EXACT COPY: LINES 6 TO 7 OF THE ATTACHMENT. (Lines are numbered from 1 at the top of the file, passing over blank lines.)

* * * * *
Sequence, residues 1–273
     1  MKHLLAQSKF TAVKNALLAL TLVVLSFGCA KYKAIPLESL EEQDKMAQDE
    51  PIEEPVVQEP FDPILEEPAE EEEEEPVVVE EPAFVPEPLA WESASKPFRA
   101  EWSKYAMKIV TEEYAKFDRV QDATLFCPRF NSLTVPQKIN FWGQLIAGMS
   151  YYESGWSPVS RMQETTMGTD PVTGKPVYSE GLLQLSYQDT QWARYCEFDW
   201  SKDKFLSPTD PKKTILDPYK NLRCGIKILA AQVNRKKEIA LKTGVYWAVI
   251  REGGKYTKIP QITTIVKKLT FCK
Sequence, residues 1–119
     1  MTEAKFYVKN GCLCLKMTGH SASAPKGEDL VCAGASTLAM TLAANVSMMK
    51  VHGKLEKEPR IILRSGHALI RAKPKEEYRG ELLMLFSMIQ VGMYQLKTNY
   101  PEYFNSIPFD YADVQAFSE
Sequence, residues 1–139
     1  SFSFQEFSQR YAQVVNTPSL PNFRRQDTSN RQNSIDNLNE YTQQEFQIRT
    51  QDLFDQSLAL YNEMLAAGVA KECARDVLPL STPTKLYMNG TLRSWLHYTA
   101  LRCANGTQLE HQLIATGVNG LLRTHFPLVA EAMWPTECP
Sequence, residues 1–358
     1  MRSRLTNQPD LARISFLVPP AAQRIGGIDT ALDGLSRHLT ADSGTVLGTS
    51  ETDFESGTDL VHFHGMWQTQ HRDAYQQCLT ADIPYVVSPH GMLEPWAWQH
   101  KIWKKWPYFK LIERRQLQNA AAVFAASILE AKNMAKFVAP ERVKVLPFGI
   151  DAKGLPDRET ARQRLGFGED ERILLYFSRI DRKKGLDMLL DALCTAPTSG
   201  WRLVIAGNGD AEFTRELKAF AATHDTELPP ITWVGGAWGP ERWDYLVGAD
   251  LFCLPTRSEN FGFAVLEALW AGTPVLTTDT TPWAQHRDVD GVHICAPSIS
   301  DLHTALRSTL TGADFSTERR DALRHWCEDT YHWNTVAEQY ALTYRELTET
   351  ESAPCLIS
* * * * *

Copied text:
   201  SKDKFLSPTD PKKTILDPYK NLRCGIKILA AQVNRKKEIA LKTGVYWAVI
   251  REGGKYTKIP QITTIVKKLT FCK